Dandruff is a chronic yet harmless condition when your scalp becomes either dry or greasy and builds up white flakes of dead skin that appear in your hair or fall on the shoulders. People often mistake dandruff as being produced by a flaky scalp.
Never mind dandruff being harmless; it can be embarrassing for those with it. Dandruff usually starts between the ages of 10 and 20 and affects up to 40% of people over 30.
Causes of Dandruff
Skin cells are formed on your scalp constantly. Therefore, it is a normal process for dead skin cells to shed. With dandruff, these skin cells are discarded much faster than average. Oil from your scalp causes the skin cells to cluster together and materialize as white flakes.
Several things apart from dry skin can also cause dandruff, for example, sensitivity to hair products, and skin conditions such as seborrheic dermatitis (a skin condition that causes red skin and scaly patches, mainly on your scalp), psoriasis, or eczema (basically means inflammation of the skin).
Another cause of dandruff can be the overgrowth of yeast. This overgrowth can be caused by reasons such as too much oil on the scalp, stress, hormones, or problems with the immune system.
Dandruff – Symptoms and Complications
The symptoms of dandruff are pretty common and known to almost everybody; these include itchy, scaly, or red scalp, as well as white shreds of dead skin in the hair and on the shoulders. Commonly dandruff flakes are present scattered throughout the scalp.
If seborrheic dermatitis (also known as seborrheic eczema) is the cause of dandruff, the symptoms usually appear gradually over time. The scalp becomes greasy or dry and feels itchy. As the skin cells die, they turn into yellowish-colored scales. A bad seborrheic dermatitis may also cause similar symptoms in other body parts. Reddish or yellowish scaling can surface on the hairline, nose, chest, or in and around the ears. Newborn babies with this may get a thick crusty scalp rash known as cradle cap.
The shreds associated with psoriasis look like silver shavings, which may commonly appear on the ears, extremities, palms, and soles of feet.
Dandruff is a condition you can diagnose by yourself, from the symptoms of an itchy, dry, and scaly scalp. A dermatologist or doctor would usually diagnose psoriasis or seborrhea dermatitis based on the appearance of the skin. Seborrheic dermatitis appears as red-looking skin with light, greasy, yellow scales and plaques with blurred margins, whereas psoriasis is mainly associated with scaly, silver-colored well-defined plaques.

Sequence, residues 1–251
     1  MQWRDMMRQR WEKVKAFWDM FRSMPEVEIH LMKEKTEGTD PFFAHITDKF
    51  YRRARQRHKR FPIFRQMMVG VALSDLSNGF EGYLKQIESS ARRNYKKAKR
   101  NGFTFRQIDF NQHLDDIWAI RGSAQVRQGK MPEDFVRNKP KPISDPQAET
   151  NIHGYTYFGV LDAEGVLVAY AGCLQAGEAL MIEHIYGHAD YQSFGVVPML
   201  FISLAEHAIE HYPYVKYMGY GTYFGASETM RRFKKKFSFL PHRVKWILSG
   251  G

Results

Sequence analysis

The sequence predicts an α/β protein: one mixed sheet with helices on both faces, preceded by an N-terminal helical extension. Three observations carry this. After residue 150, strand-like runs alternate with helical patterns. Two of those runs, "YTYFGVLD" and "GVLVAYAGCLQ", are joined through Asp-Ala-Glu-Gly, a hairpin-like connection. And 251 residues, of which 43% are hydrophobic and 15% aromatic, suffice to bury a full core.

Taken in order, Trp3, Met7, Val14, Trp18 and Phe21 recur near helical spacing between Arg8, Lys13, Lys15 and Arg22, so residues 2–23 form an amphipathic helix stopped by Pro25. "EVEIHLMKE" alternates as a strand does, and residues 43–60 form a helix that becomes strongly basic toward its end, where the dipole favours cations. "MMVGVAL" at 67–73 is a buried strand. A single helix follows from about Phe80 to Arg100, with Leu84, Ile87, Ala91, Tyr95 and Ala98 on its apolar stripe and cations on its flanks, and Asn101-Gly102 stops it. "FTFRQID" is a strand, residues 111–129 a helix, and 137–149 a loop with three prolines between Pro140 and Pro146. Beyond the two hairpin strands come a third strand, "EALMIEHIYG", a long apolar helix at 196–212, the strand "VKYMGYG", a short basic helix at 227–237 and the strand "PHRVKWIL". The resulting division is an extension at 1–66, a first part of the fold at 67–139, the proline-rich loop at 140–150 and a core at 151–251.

Why should you shampoo every day?
Usually, dermatologists suggest shampooing your hair daily because you might end up stripping your scalp and hair of its natural oils and cause more irritation. Dandruff creates the opposite problem. If you don’t shampoo enough, you will only make dandruff worse; it causes additional oil and dead skin cells to gather on your scalp, which the yeast continues to feed upon. To remove dandruff from your scalp, you must clear out all the unnecessary junk, which a regular shampoo would fail to do. Search for a medicated dandruff shampoo; these are readily available in medical stores and online sites; look out for one that contains selenium sulfide, ketoconazole, or zinc. If your hair is rough, and you are worried that daily shampooing could make it more brittle, you could use an anti-dandruff conditioner too.
Dandruff that can’t be cured can be controlled.
Sadly, if you are prone to dandruff, it’s most likely an issue that will continue to occur. Still, it would help if you did not wait for flakes to appear before treating them; you can take defensive action to avoid sudden flare-ups. Foods high in trans and saturated fats cause your sebaceous glands to produce more oil, making dandruff worse. You can start by avoiding these fats and include fruits and vegetables that contain B vitamins and zinc in your diet. This will help keep the scraps of dandruff at bay. Consider taking a probiotic; any of a group of essential bacteria found in yogurt can be taken as a supplement to withstand the overgrowth of yeast.